TAP Blog

In their recent paper, “Shining a Light on Dark Patterns,” law professor Lior Strahilevitz and Jamie Luguri, both of the University of Chicago Law School, share findings from two large-scale experiments in which consumers were exposed to dark patterns.
In this second part of Professor Théodore Christakis and Mathias Becuywe’s article delving into the EU’s draft proposal for artificial intelligence regulation, the authors focus on the rules proposed to regulate the use of remote biometric identification (RBI) in publicly accessible spaces for the purpose of law enforcement.
In this first of a two-part article delving into the EU’s draft proposal for artificial intelligence regulation, Professor Théodore Christakis and his coauthor Mathias Becuywe, both with University Grenoble Alpes, present the provisions of the draft AI Regulation that relate to remote biometric identification, such as facial recognition, gait, or voice recognition.
Professor Joseph Turow, Annenberg School for Communication, discusses the technology changes in voice profiling, and explains how “companies could soon tailor what they try to sell you based on the mood conveyed by the sound of your voice.”
In her new book, Atlas of AI: Power, Politics, and the Planetary Costs of Artificial Intelligence, Professor Kate Crawford, USC Annenberg School of Communication, offers a material and political perspective on what it takes to make AI and how it centralizes power.
In this second of a two-part article exploring the intense negotiations between the US and EU over adequate surveillance in the name of national security, Professor Theodore Christakis, University Grenoble Alpes, examines the EU position on the relevance of the European Convention on Human Rights (ECHR) and shares possible counter-arguments for the US perspective.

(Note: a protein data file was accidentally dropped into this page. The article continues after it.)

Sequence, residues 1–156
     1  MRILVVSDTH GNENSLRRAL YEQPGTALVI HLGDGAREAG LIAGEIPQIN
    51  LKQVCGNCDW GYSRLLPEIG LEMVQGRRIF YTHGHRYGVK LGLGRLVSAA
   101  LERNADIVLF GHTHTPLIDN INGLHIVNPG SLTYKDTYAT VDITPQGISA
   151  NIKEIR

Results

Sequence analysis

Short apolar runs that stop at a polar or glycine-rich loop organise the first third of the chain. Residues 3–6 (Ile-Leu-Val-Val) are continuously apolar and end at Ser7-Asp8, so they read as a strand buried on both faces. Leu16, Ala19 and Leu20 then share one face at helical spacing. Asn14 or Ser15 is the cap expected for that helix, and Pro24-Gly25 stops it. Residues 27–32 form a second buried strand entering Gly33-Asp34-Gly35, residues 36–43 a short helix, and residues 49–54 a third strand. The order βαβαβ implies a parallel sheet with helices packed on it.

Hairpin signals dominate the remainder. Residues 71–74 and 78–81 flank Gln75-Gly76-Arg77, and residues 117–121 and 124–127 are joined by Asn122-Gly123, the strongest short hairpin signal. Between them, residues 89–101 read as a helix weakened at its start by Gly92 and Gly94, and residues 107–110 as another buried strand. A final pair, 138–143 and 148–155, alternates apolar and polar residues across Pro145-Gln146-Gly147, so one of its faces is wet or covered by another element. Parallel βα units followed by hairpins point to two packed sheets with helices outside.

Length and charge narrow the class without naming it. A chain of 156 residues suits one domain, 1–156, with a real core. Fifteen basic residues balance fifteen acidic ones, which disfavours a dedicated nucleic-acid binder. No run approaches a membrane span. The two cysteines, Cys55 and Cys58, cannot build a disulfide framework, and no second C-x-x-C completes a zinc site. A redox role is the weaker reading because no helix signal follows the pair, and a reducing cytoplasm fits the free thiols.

In this first of a two-part articles exploring the intense negotiations between the US and EU over what should be included and excluded when it comes to surveillance in the name of national security, and as a successor to the now invalid Privacy Shield, Professor Theodore Christakis, University Grenoble Alpes, delves into the US arguments for direct access to data by its intelligence agencies.
In their latest missive, Dean Matthew Slaughter and coauthor Matthew Rees underscore how unnecessarily costly America’s too-restrictive skilled-immigration policy is.
Evan Selinger, Rochester Institute of Technology philosophy professor, talks with journalist Clive Thompson about how the media covers responsible uses of technology.
Santa Clara University law professor Eric Goldman shares key takeaways from his new paper addressing the wide range of content moderation options that lie between “leave up” and “remove.”
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